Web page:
It is essential that an estate planning attorney understand the Probate law and process in designing and administering trusts. After all, one of the main purposes of establishing a trust is to avoid probate. When Probate is required, our firm is knowledgeable and ready to represent.

Probate is a court-supervised process for distributing assets according to a person’s will or, if that person had no will, according to the priority rules established by state statute. During Probate, an executor or representative is named, assets are gathered, the debts of a deceased person are identified and paid, and the net estate assets are distributed to the proper beneficiaries.

We assist executors and representatives by providing valuable guidance during each phase of the probate process:

  • Review of the executed will
  • Identifying beneficiaries, if applicable
  • Explanation of executor’s or representative’ s responsibilities
  • Gathering and valuing all assets of the estate
  • Estate tax analysis
  • Collection of death benefits
  • Coordination with trustees of the related trusts
  • Preparation of Probate Court documents
  • Representation in court
  • Distribution of assets

We invite you to contact us today to discuss your probate needs.

Robert J. Huguelet Jr., P.C. can also help you create your comprehensive and personalized estate plan, providing you peace of mind that your wishes will be followed. We invite you to contact us today to begin planning for your future.

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Click Below to View Frequently Asked Questions

Many individuals are unsure what documents are needed when planning their estate. There are many options to consider when planning to pass their wealth to loved ones. For many in Illinois they have a specific goal of avoiding the expensive probate process when planning their estate.

In order to avoid probate, it is essential to use a revocable living trust as your primary estate planning document. It is important to note that even when planning with a revocable living trust, an Illinois estate plan must also contain a will.

Revocable living trusts are typically used by individuals who desire a more efficient transfer of property to loved ones. Revocable living trusts often contain:

  • Trustee instructions for your care during any period of disability
  • Instructions for distributing specific assets to designated individuals or charity upon your death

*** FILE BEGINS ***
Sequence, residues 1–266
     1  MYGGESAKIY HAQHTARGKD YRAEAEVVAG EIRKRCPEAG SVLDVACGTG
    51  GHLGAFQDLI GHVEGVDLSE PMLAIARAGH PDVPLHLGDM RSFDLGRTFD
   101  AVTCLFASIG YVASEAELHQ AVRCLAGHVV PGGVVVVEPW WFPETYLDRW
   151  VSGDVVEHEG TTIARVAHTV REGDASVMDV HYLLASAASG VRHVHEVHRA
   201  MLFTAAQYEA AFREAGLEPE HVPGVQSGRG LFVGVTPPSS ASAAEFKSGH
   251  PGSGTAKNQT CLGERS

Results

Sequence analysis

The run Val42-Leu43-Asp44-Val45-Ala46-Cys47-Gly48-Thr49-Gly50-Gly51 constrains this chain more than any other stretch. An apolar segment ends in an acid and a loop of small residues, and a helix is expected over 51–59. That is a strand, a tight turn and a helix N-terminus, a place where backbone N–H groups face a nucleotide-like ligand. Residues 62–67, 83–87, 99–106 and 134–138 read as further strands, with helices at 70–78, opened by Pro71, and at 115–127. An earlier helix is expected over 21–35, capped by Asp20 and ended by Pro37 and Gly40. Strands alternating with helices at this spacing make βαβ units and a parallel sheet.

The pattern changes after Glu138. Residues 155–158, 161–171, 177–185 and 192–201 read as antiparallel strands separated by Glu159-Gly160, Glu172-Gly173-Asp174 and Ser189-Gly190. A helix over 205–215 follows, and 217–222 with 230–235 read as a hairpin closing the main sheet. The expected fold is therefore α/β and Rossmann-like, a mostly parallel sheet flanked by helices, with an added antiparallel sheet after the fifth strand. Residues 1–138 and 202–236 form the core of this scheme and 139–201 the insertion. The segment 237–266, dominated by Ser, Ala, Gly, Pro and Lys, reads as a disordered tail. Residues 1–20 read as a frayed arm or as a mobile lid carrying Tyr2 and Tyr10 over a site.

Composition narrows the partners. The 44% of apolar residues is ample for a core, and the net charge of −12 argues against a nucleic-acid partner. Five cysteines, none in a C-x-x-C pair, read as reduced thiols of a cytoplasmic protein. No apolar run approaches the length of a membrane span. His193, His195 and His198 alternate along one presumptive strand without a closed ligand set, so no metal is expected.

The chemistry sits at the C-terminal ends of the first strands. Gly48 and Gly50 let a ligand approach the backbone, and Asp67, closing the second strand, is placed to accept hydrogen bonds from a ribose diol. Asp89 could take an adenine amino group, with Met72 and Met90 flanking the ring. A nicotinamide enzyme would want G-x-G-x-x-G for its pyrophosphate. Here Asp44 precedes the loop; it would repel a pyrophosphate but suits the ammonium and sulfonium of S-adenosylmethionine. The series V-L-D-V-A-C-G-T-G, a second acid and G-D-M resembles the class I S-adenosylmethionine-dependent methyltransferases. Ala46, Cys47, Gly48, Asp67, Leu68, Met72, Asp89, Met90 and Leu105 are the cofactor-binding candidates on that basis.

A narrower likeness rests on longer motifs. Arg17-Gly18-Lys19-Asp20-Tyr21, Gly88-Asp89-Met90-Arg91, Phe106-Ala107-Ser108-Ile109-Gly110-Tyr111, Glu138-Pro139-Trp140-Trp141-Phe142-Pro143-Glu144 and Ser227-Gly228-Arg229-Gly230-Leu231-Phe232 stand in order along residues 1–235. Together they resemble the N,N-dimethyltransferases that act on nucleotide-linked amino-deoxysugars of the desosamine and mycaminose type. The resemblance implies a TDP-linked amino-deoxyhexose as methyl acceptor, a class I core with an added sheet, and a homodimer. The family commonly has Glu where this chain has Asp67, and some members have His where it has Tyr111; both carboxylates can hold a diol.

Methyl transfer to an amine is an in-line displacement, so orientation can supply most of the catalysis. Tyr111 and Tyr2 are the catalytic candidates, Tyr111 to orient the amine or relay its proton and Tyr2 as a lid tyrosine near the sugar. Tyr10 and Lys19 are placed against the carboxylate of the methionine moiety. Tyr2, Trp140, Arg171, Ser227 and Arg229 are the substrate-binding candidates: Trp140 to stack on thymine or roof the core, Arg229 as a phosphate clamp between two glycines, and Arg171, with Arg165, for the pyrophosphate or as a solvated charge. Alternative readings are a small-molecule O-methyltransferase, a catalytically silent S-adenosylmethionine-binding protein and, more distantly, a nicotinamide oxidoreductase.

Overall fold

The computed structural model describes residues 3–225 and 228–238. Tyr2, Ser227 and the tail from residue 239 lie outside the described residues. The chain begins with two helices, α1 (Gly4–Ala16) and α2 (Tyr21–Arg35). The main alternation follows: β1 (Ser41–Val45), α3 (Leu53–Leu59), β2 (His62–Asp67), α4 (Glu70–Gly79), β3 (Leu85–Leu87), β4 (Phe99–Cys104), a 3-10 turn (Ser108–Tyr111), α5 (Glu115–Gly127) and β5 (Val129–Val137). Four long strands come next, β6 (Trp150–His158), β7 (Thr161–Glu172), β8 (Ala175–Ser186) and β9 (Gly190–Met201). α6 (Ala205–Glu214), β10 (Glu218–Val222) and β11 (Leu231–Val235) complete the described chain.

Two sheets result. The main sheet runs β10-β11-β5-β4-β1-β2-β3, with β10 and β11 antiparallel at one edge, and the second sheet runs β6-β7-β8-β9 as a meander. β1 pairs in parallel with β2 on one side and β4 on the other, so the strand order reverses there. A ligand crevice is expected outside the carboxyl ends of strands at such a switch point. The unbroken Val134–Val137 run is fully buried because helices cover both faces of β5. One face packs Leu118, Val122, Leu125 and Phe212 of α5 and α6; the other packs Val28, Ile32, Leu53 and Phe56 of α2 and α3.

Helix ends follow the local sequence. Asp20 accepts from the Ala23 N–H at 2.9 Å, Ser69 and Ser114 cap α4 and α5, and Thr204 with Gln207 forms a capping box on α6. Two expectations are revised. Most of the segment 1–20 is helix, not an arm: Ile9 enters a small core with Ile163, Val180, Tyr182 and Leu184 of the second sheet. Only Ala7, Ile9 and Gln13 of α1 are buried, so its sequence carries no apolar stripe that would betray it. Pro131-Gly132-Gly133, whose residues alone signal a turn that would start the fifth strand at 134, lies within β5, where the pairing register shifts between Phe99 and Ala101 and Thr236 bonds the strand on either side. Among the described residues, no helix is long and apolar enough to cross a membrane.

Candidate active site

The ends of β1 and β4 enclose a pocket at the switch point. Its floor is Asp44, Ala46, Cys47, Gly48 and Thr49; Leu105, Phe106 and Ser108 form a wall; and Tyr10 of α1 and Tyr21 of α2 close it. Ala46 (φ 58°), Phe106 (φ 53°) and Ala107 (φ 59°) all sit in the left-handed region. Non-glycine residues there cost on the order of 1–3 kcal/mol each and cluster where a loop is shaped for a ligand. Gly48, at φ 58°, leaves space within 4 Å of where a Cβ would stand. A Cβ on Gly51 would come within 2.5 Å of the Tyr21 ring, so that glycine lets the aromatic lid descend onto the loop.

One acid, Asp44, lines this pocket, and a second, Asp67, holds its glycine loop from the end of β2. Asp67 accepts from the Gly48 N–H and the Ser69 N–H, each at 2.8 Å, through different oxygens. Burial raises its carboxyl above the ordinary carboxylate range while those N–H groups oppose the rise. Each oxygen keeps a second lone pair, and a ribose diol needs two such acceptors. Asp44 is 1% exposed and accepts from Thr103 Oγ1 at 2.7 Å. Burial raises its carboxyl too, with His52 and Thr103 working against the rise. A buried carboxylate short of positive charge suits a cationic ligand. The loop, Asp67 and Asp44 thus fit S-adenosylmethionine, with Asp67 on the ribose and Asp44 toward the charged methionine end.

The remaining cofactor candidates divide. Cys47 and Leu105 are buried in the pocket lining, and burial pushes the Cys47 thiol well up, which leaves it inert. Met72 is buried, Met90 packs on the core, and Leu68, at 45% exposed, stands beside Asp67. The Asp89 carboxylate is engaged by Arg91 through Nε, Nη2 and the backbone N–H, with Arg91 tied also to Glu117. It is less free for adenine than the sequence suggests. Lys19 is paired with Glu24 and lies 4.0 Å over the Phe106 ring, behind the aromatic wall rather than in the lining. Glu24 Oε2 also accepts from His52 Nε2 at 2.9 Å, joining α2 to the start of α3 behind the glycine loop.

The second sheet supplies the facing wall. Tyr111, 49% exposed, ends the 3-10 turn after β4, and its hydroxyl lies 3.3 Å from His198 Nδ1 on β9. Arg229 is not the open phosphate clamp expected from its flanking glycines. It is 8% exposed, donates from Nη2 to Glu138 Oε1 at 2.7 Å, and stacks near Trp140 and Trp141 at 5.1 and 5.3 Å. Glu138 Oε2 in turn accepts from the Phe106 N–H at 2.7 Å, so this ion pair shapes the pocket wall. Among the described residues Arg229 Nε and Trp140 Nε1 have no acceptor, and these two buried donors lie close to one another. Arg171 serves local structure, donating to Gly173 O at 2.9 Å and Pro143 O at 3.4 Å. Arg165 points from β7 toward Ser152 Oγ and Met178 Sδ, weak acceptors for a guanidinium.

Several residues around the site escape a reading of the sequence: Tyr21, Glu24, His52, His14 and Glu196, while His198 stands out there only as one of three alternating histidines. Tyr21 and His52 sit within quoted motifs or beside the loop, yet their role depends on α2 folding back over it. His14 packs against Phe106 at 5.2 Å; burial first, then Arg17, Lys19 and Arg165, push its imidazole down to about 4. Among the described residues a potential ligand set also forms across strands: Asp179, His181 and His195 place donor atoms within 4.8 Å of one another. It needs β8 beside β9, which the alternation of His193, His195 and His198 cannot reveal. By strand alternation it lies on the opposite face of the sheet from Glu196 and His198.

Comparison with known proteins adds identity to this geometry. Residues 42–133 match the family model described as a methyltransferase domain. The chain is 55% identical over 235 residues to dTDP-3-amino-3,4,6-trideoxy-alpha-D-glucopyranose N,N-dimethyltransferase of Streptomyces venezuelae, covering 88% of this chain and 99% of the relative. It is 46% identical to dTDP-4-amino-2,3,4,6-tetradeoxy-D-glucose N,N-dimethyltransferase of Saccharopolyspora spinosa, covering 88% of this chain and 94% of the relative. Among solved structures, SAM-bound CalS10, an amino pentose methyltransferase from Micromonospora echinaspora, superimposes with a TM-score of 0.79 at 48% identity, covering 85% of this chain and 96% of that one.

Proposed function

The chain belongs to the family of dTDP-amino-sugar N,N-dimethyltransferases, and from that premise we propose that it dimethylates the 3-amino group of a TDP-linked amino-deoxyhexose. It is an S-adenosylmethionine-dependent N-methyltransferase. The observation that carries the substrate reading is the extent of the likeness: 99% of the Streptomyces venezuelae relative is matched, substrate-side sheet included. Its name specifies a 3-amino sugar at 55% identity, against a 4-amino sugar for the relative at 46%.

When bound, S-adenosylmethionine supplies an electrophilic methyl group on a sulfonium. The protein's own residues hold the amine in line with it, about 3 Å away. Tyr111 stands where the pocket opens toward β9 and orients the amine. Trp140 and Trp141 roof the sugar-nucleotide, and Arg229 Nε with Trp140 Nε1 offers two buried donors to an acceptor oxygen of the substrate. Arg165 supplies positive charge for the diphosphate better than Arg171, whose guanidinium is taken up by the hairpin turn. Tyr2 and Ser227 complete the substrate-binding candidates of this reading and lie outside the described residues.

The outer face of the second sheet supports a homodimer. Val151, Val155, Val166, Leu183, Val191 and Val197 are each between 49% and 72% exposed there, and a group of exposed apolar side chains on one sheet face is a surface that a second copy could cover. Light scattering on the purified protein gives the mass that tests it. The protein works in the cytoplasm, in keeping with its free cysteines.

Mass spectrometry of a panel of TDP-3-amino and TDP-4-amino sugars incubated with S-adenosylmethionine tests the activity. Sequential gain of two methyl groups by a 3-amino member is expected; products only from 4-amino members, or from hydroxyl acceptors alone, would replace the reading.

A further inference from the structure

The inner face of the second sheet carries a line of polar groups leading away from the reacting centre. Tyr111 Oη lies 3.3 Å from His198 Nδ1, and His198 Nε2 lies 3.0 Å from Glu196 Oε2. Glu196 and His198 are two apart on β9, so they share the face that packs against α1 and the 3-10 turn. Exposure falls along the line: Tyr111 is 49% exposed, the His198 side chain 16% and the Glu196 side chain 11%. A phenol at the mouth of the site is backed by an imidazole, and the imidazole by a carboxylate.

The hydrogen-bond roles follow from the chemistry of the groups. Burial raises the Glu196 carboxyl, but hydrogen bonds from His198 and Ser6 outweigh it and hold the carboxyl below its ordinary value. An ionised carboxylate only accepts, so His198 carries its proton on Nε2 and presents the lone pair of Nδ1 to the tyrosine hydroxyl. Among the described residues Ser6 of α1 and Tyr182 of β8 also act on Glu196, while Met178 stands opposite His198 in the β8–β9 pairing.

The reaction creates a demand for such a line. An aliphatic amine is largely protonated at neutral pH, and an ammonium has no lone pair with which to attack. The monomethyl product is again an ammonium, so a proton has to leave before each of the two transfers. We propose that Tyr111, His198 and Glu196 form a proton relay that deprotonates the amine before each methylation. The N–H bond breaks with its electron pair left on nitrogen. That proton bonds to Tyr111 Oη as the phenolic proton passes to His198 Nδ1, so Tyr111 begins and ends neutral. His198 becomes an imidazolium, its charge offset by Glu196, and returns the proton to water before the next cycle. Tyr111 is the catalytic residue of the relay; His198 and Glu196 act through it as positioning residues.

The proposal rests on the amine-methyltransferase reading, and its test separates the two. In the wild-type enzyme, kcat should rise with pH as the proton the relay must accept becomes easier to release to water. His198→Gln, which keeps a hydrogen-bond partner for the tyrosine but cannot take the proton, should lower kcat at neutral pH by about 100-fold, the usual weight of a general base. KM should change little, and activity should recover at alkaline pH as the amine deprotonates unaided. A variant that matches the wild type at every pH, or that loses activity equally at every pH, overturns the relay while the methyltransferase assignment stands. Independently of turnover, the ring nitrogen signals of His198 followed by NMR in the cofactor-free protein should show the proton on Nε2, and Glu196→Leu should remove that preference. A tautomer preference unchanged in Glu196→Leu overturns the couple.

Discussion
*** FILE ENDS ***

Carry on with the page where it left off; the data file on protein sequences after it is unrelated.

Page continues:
• Creation of trusts for minor children, adult children, and surviving spouse
  • Tax planning for retirement assets, real estate and investment accounts

A particular kind of trust (commonly called a “Special Needs Trust”) may also be very useful in situations where an individual such as a child or grandchild has a disability. As long as specific provisions are drafted into the document, the assets transferred into the Special Needs Trust can be used to provide for the needs of your loved one while allowing them to maintain their governmental benefits, including Supplemental Security Income (SSI), Social Security and Medicaid.

Wills may also be useful to individuals who may not have a large estate but still want to make sure that their assets are distributed to loved ones the way they want. Parents may wish to use their Wills to select a guardian for their minor children as well.

A power of attorney is a legal document in which you grant someone else the authority to take actions on your behalf, such as signing your checks to pay your bills or selling a particular piece of real estate or even making healthcare decisions. Powers of attorney are a great way to make sure that your affairs will be properly taken care of no matter the circumstances.

A financial power of attorney is a legal document in which you grant another person the authority to act on your behalf if you are unable to manage your financial affairs. A power of attorney will have the ability to manage your checking account, pay your bills, manage your investment account and make your financial decisions.

A healthcare power of attorney is a legal document in which you grant another person the authority to act as your health care agent and make medical decisions on your behalf in the event you are unable to do so for yourself. Your agent is authorized to communicate with your doctors and makes medical decisions on your behalf.

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